ICONIC LANDMARK: It's the oldest operational dockyard in country
KUCHING: ONE of the city's historical landmarks and a name synonymous with the heritage and culture of Sarawak, the Brooke Dockyard, turned 100 years old on Thursday.
The dry dockyard, next to the Kuching district mosque, is now the oldest operational dockyard in the country.
It was built by the third White Rajah, Sir Charles Vyner Brooke, when he realised that he did not have a facility to repair his fleet of boats.
It was declared open by his wife Ranee Muda Sylvia on May 31, 1912 -- the same year the Titanic sunk.
Sylvia, in her autobiography Sylvia of Sarawak, described the opening as " ... the Chinese and Malays had gone crazy with excitement and activity. They plunged into the water with ropes between their feet, they swarmed upon the platform laughing and screaming to one another instructions and wishes of goodwill.
"Vyner's speech was spoken, but unheard ... we were on the border of hysterics."
The dock has seen much in its 100 years, from repairing wooden hull sailboats to steel hulled boats, from cannon carrying man-of war to high speed gunboats.
In the early 1960s, at the time of the "Indonesian Confrontation", the dry dock played a key role in repairing and returning to action quickly all types of military vessels.
Its main role was still in the repair of government vessels. It had, by then, also accepted work to repair non-government vessels.
From 1985 to 1998, Brooke Dockyard went through a phase best described as a "challenging period".
The mainstay of its business, building and repairing ferries, dried up when the government privatised the ferry services in the state.
The company, Brooke Dockyard and Engineering Corporation, "lost its direction" and was forced to look for new businesses elsewhere.
It was time for change. The dockyard was "rotting" and the company was on the brink of bankruptcy.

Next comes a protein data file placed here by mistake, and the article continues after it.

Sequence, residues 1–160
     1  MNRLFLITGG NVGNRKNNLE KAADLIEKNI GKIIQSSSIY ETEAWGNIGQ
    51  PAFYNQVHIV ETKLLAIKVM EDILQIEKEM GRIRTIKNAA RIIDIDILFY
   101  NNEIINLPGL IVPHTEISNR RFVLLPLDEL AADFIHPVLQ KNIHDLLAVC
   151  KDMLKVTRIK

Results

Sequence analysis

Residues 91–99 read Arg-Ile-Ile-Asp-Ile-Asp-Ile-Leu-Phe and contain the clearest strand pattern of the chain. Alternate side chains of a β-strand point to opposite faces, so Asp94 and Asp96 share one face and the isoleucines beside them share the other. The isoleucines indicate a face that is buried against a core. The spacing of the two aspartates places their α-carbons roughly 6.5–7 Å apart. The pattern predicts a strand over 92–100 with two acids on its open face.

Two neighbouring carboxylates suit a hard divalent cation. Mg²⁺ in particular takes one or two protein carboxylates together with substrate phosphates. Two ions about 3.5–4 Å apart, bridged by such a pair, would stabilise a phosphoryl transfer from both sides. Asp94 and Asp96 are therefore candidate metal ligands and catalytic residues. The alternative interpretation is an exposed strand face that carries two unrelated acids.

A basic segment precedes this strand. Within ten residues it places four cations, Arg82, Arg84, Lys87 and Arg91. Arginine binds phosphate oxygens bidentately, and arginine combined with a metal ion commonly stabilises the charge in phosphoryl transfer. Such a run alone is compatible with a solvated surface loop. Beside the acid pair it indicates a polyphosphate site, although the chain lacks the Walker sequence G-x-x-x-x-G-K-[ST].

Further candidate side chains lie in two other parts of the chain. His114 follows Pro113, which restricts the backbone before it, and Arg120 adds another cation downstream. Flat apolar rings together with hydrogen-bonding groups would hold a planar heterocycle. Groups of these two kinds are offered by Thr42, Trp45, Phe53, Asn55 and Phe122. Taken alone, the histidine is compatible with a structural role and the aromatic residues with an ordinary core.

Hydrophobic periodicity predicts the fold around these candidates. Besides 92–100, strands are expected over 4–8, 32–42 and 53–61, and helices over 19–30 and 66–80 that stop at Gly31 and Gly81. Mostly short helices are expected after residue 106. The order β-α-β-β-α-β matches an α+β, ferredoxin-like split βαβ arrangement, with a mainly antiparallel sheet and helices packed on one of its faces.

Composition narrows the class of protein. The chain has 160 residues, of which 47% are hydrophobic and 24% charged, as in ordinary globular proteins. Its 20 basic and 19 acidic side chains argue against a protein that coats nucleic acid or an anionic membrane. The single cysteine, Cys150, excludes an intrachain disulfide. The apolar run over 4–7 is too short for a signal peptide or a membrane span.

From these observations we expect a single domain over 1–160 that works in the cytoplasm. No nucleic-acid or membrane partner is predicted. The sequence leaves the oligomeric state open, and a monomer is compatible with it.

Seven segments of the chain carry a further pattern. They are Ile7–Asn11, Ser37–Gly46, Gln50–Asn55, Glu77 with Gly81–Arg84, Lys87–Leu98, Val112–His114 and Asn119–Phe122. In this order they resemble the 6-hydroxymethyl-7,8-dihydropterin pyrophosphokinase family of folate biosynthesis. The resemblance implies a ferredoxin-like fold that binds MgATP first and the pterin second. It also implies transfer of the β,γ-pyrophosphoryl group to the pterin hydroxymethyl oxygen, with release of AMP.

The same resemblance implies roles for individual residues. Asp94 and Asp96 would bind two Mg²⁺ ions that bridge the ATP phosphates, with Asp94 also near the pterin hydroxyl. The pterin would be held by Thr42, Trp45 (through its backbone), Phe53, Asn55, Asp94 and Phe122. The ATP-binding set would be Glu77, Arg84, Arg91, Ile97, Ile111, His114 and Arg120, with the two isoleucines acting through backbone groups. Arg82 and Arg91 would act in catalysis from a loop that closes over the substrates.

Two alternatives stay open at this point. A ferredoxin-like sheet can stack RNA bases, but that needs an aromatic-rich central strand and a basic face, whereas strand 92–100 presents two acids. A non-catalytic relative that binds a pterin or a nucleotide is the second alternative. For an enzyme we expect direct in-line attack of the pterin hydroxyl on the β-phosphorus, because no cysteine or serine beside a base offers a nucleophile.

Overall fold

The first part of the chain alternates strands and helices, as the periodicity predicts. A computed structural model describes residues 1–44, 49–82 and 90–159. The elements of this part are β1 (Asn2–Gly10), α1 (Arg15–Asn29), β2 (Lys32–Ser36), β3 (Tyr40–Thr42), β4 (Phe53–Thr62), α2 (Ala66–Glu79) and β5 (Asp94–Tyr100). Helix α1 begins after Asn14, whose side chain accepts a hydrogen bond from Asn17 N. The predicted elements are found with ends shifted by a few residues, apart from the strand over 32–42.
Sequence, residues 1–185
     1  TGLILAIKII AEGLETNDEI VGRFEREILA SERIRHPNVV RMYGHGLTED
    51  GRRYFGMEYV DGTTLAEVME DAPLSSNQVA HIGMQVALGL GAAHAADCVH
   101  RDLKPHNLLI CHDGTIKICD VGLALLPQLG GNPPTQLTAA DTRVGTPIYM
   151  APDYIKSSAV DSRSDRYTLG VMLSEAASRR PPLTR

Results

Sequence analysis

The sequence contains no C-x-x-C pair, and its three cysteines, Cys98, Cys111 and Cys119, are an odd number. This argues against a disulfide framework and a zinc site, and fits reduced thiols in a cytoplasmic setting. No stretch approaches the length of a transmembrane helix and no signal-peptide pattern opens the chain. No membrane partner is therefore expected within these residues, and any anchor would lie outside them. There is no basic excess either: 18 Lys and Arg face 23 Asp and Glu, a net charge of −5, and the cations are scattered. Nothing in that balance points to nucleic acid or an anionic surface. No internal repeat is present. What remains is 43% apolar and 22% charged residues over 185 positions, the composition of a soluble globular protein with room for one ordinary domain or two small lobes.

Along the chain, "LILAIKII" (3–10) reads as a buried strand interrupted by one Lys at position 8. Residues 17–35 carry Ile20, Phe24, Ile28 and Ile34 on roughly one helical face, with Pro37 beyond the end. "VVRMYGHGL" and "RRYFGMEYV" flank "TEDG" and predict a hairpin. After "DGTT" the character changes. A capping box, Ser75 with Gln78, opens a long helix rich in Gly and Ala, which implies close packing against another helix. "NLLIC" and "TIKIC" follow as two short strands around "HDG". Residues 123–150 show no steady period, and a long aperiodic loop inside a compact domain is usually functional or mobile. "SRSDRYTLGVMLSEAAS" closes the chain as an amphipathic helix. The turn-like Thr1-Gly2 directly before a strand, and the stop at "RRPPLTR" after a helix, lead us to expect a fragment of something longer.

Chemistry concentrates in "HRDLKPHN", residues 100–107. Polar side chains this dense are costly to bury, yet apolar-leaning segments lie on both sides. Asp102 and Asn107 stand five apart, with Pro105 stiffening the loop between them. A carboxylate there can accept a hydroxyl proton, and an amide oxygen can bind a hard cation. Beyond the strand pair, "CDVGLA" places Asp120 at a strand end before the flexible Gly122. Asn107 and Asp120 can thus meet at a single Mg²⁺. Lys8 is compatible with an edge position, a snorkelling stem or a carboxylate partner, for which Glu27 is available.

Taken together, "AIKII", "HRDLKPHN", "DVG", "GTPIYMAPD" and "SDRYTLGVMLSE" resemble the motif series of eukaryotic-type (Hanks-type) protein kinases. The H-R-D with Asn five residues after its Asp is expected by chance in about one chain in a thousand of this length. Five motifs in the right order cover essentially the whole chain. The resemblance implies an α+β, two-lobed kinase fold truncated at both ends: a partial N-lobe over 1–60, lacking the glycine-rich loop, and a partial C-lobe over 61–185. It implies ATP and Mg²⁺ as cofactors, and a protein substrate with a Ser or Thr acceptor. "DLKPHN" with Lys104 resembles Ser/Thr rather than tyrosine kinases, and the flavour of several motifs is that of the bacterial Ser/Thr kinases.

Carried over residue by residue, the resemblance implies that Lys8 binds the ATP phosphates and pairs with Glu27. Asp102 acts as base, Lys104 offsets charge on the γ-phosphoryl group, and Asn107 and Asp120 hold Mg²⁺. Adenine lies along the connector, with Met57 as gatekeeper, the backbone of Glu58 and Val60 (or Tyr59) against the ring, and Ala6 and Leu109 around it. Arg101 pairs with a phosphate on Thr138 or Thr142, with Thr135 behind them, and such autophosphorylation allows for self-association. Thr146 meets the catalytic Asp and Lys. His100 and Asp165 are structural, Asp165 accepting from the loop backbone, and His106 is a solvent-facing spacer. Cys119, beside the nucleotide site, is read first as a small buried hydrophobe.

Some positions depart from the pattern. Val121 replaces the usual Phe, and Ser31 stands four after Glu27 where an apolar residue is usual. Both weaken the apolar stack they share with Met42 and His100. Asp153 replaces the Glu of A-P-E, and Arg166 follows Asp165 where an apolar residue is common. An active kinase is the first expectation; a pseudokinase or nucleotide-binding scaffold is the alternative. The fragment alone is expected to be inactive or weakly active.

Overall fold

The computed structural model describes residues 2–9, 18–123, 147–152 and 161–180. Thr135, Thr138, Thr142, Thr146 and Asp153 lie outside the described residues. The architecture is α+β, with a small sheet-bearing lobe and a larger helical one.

The new management then took the bold decision to depart from the traditional ship repairing and shipbuilding business into fabrication work for the oil and gas industry.
In 1997, it secured its first oil and gas contract -- to build the jacket and topside for Petronas Carigali.
From that day on, the focus of the dockyard had been fabrication work and today, it has made itself relevant in the highly demanding industry.
To date, Brooke Dockyard has built 15 offshore modules, 10 substructures and four offshore living quarters and its multi-national clients include Petronas Carigali, Shell, Talisman, Murphy Oil and Exxonmobil Exploration and Production Ltd.
All its fabrication work are done on its Sejingkat yard, a 8ha site strategically located at the deep water front at Sejingkat near the new Senari port.
In 1999, the rated capacity was only 300 metric tonnes and the heaviest project undertaken was the building of a 120 metric tonnes helideck.
Despite this new business, Brooke Dockyard still maintained its traditional business of shipbuilding, but this time, building high-speed and state-of-the-art boats.
The dockyard now has a workforce of 400 whose skills cover a wide range of expertise in engineering and project management to giving a complete and integrated service under one roof.